The Short Faced Tumbler of England has a just claim to being one of the very oldest breeds of fancy pigeons. Their history can go back over three hundred years. Willughby, the noted naturalist in his 'Ornithology' of 1676 briefly mentions that 'Tumblers are small and of diverse colours'.
Almonds came into public favour at a very early period for they were already an established variety before the first Pigeon Society of which any record in England is known was formed in London in 1720. In John Moore's book of 1735, 'The Columbarian', he writes; 'The Tumbler is a very small pigeon, short bodied, full breasted, thin necked, very short and spindle beaked, and a round button head, short legs; the iris of the eye of a bright pearl colour'. At the time of Moore, the breed was three coloured, called Almond or Ermine.
In 1764, the Columbarian Society published a standard for the breed. The breed has the honour of being the first single breed to have a book published about it in March 1802, a Treatise on 'An Art of Breeding and Managing the Almond Tumbler', believed to have been written by W P Windus.
In 1800, a Club for Almonds, Mottle, Balds and Beards was formed. Mr Bellamy, a noted Almond breeder and Sir John Sebright were founder members. J C Lyell in his book of 1881 suggested that the breed was developed from a cross with the Goolee, which at that time was said to 'bear a remarkable resemblance in type to the short Faced Tumbler', but there was no authentic record to confirm this idea.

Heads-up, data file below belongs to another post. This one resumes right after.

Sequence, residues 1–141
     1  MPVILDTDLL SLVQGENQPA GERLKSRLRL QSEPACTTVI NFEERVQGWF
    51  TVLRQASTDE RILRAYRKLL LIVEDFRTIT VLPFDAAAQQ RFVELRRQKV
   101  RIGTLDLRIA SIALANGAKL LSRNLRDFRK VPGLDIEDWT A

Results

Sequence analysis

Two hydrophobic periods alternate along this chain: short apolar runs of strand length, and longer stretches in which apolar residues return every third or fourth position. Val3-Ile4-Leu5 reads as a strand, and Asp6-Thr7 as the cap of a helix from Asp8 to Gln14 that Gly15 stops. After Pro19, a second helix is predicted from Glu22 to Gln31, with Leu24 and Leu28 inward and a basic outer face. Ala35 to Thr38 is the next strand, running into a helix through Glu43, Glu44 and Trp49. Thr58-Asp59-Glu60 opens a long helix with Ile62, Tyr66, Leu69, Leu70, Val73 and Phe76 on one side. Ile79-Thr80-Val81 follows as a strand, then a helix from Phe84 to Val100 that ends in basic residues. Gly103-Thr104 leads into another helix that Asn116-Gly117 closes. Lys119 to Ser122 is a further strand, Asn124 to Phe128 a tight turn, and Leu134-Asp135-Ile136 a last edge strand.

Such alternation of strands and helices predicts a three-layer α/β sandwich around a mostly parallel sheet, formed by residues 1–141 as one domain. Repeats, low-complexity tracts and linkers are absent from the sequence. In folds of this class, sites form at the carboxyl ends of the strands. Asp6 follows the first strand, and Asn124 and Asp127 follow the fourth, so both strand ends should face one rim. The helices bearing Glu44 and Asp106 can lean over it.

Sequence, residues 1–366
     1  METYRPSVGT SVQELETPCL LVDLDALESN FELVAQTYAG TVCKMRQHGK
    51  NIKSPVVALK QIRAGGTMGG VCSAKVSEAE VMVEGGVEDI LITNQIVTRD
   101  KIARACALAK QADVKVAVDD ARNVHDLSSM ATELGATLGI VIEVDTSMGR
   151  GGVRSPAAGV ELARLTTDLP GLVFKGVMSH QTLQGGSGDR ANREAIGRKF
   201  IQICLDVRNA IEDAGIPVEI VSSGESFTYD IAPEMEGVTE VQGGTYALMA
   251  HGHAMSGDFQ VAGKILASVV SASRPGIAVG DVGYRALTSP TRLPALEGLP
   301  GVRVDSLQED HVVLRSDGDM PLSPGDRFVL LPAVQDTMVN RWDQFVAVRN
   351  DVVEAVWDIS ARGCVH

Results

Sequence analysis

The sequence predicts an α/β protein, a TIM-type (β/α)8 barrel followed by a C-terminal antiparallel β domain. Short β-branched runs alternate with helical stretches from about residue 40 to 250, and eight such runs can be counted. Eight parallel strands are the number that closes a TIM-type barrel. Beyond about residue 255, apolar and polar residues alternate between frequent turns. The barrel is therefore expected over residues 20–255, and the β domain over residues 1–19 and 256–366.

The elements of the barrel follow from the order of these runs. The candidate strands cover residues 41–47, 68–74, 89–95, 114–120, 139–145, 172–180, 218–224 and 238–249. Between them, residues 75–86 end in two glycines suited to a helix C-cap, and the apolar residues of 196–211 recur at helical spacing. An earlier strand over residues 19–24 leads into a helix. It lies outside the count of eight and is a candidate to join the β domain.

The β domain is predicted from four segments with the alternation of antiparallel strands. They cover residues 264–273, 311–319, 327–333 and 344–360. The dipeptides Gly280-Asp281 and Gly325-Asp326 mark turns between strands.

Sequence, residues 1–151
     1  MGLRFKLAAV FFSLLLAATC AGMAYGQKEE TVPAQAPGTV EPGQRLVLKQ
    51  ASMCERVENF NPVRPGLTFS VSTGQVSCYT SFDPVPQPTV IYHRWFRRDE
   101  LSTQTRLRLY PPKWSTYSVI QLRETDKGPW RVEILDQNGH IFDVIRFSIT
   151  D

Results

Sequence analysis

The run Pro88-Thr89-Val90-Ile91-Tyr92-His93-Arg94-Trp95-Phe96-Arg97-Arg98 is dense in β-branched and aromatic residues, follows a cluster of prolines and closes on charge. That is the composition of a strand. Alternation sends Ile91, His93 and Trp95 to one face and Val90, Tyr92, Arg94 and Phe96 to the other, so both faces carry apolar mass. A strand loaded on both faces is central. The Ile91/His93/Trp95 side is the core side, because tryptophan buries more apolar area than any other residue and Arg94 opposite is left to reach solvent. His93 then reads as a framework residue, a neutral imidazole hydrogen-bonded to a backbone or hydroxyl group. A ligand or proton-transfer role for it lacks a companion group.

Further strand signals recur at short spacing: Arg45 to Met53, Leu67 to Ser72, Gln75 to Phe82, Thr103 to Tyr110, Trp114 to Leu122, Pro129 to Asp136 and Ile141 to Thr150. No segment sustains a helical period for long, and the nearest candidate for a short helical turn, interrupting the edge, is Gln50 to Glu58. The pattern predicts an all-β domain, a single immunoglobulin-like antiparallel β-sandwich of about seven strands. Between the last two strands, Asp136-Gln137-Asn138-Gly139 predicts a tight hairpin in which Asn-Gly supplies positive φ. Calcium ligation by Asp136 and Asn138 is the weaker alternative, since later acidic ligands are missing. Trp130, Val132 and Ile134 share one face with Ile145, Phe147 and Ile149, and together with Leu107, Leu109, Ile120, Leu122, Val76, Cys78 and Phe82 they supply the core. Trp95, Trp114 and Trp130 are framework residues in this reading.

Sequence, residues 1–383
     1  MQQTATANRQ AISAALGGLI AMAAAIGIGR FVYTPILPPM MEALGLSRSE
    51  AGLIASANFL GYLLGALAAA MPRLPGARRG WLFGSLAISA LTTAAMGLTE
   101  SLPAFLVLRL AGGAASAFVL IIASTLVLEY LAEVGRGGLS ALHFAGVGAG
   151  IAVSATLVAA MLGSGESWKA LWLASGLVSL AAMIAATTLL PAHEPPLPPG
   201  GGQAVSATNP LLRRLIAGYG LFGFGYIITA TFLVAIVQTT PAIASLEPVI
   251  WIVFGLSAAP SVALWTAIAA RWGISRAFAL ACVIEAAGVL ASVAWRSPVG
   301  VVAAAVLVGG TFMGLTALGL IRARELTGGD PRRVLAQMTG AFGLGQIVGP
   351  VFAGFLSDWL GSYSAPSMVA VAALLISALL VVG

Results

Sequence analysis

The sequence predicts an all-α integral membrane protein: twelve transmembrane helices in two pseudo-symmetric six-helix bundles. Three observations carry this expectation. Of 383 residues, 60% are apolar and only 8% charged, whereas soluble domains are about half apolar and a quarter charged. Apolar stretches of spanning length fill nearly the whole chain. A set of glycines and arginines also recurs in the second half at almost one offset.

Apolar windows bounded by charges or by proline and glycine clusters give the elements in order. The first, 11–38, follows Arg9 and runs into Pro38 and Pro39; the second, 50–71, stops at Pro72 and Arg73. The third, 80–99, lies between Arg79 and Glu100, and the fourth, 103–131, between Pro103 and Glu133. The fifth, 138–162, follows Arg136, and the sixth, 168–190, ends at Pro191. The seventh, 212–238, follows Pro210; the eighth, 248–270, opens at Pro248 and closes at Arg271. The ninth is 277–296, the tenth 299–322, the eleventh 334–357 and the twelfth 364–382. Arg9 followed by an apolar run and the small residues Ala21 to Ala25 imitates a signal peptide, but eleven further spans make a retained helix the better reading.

There was a report in 'The Field' of 19 October 1872, of an address given by Mr Jayne to the National Peristeronic Society when he was President. His subject was 'The Almond Tumbler', and he said '. . . I should admire it as a purely English manufactured pigeon'. He also referred to his friend the late Mr Harry Edward Money, past Chairman of the City Columbarian Society, as being the only one who knew the make-up of the breed, which consisted of thirty-two crosses from which the breed was produced.
We must not get the idea of a vast number of different breeds being used in these early days; I would suggest that perhaps it took some 32 matings to produce the breed to its type at that time. Certainly the Mookee was in England by 1676 so there is no reason why the Goolee should not have been present and also used as a cross. The drawings in Eaton's book and the coloured plates in Fulton's which devotes much space to that breed, suggest type has not changed very much over the past one hundred years. Many will accept the birth of the breed in 1886 when our present Short Face Tumbler Club was founded.